North Korea imposes more demands on South Korea

A week after North Korea said it would send a delegation to next month’s Winter Olympics in South Korea, the regime’s demands have taken on a sinister pattern.

Reports emerged Tuesday that North Korea demanded the South return defectors who fled the totalitarian regime. That came after requiring that South Korea pay the North’s Olympic costs and an agreement by the United States and South Korea to suspend a planned joint military exercise.

The demands came to light since last week’s talks between North and South Korea — the first sit-down between the two countries in more than two years.

“This is why all those crotchety hawks evinced such skepticism at North Korea’s talks,” tweeted Robert Kelly, a professor of political science at Pusan National University in South Korea. “We all saw this coming.”

The North has warned that it will not agree to more reunions for families split by the Korean War unless the defectors, and another woman who fled from elsewhere, are returned.

The talks last week occurred after the U.S. agreed to South Korea’s request to postpone a large military exercise, which usually involves 30,000 American troops and 200,000 South Koreans, until after the Olympics are held Feb. 9-25. in Pyeongchang, South Korea.

On Friday,a North Korean state-run publication issued a demand for a “permanent halt” to U.S.-South Korean military drills while inter-Korean talks continue, according to The Strait Times of Singapore.

“Inter-Korean talks and war drill can never be compatible,” the North Korean publication, Uriminzokkiri, declared.

North Korea, which is under sanctions by the United Nations and U.S. aimed at ending its nuclear weapon and ballistic missile programs, also succeeded in getting South Korea to agree to fund its Olympic delegation, which will include as many as 500 athletes, performers, officials and reporters, according to The Hankyoreh, a South Korean online publication.

South Korea will pay the entire delegation’s expenses, said author and Korea analyst Gordon Chang.

“This is typical. (North Korean leader Kim Jong Un’s) family playbook goes back several decades,” Chang said. “First they refuse to talk to South Korea. Then they make a bold overture. Next comes demands and then they throw a tantrum.”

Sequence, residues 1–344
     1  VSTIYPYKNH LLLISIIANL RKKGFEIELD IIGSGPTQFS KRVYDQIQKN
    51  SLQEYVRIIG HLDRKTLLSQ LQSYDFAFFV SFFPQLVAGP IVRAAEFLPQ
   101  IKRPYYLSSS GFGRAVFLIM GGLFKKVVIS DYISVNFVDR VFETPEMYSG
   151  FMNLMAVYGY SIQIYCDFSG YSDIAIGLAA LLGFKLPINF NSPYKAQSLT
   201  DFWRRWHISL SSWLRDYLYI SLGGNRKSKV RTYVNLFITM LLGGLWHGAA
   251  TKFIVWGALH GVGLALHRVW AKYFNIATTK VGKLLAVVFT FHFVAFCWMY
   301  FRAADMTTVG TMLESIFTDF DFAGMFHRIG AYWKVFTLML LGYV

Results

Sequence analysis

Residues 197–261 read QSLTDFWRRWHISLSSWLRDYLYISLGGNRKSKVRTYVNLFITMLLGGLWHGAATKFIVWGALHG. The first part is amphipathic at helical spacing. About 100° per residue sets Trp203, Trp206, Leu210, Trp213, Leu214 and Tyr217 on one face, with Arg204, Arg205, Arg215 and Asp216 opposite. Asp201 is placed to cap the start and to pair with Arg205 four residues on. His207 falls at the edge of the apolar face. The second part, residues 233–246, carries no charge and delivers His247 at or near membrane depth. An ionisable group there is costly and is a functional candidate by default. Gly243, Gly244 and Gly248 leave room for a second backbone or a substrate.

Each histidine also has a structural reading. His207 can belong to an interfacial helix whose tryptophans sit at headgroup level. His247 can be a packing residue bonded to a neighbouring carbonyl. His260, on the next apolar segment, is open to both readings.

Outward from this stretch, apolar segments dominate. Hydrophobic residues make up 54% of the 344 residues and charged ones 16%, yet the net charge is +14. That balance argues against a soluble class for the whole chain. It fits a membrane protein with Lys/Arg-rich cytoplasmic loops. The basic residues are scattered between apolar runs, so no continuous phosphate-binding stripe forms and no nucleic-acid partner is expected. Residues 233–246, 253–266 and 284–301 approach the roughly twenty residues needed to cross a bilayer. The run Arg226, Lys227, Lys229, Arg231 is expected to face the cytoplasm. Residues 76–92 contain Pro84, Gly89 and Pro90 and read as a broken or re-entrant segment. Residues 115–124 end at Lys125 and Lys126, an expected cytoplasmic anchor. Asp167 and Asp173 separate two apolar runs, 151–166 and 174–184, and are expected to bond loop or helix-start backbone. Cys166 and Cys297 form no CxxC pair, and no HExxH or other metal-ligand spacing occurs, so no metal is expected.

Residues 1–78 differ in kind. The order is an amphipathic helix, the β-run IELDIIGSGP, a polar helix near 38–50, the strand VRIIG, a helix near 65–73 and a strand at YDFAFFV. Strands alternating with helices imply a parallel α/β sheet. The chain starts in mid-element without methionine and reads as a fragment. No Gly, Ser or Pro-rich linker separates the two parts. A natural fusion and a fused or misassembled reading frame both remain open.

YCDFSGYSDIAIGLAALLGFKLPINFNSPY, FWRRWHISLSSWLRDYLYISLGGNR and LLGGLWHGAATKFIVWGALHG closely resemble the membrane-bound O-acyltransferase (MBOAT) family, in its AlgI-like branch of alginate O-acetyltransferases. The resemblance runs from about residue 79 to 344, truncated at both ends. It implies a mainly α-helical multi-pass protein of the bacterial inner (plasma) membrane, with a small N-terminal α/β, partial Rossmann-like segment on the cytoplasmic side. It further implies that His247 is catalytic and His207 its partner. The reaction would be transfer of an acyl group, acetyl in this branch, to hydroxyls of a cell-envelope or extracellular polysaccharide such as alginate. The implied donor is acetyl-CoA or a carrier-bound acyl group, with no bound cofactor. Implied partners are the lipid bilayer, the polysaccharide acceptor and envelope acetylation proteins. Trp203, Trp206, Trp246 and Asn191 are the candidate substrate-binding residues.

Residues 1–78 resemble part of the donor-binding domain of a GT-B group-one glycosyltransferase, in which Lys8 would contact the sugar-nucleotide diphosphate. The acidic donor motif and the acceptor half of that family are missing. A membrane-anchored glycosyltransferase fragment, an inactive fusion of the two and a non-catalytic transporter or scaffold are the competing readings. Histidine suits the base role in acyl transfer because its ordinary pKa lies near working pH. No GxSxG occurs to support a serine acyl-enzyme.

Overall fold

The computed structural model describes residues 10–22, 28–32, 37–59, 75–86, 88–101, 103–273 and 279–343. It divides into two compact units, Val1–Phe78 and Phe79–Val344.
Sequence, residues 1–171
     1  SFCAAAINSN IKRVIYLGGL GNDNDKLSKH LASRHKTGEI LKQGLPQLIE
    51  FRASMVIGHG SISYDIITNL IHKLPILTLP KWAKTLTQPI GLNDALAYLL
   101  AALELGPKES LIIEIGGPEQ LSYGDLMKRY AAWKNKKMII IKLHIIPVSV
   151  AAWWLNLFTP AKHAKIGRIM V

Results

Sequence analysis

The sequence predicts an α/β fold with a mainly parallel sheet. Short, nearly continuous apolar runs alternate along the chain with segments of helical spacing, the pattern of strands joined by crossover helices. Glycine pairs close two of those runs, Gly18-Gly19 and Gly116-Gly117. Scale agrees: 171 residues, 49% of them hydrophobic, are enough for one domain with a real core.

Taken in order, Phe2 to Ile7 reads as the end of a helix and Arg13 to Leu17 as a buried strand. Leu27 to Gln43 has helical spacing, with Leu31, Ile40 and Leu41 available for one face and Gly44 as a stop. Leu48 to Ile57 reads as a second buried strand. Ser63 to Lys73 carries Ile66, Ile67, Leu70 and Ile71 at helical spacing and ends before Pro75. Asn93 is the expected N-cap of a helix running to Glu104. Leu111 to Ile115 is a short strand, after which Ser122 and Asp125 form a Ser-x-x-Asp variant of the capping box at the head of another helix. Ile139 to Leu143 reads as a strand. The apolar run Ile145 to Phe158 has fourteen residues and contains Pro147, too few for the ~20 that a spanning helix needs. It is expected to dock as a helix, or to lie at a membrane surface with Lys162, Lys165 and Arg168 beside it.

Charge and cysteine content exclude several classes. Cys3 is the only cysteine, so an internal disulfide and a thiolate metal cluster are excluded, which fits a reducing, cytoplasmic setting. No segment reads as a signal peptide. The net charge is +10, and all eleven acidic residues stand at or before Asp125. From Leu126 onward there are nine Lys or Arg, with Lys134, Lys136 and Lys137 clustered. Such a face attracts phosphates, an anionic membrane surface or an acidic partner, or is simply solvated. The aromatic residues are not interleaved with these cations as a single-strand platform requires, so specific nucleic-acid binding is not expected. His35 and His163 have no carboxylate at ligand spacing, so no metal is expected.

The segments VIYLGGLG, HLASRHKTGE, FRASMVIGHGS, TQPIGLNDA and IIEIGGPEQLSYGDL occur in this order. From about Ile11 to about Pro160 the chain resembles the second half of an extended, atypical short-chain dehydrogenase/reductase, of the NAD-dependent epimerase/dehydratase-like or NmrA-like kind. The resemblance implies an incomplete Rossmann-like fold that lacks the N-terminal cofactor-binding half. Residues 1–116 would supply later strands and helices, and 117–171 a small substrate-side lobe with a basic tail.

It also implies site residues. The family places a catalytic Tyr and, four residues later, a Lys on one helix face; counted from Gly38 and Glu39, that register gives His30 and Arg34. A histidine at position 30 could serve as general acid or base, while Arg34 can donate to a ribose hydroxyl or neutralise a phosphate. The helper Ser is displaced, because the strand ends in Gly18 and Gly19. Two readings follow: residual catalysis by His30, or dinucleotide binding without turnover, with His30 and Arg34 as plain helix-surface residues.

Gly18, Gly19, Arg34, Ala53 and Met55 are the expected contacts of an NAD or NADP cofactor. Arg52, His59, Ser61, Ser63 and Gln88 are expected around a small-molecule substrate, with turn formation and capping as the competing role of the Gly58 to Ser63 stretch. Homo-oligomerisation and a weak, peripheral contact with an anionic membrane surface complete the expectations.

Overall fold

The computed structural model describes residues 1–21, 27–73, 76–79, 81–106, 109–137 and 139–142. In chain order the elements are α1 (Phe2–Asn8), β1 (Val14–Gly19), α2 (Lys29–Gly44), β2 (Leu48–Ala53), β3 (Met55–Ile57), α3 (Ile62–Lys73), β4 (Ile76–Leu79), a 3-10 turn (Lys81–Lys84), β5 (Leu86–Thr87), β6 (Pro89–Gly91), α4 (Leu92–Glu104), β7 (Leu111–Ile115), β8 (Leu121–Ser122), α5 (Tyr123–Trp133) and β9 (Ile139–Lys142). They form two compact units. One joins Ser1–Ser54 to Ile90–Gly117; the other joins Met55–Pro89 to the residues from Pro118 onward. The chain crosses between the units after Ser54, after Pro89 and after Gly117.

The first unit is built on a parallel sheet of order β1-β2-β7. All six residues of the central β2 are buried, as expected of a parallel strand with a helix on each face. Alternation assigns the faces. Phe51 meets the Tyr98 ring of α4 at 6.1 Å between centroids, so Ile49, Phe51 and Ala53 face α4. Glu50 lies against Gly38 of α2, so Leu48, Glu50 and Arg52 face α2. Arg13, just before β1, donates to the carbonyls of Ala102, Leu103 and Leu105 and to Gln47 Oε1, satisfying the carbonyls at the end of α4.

If the Trump administration puts enough pressure on North Korea, the Kim family might agree it has no choice but to disarm, Chang said. But the White House has yet to impose sanctions where they would be most effective — on its top two trading partners, China and Russia, he added.

The North Korean demands were revealed as Secretary of State Rex Tillerson met Tuesday in Vancouver with foreign ministers from 20 nations that sided with the U.S. during the Korean War, which ended in 1953, to discuss how to pressure North Korea to quit its nuclear weapons and missile programs.

“We must increase the costs of the regime’s behavior to the point that North Korea must come to the table for credible negotiations,” Tillerson said in his opening comments.

Tillerson called for interdiction operations at sea to prevent ship-to-ship transfers of banned items, and for punishment of sanction evaders and violators. He rejected the “freeze-for-freeze” approach suggested by North Korea and China to halt the North’s banned weapons testing in return for legal military exercises by the South and the U.S.

“We will not allow North Korea to drive a wedge through our resolve or solidarity,” Tillerson said.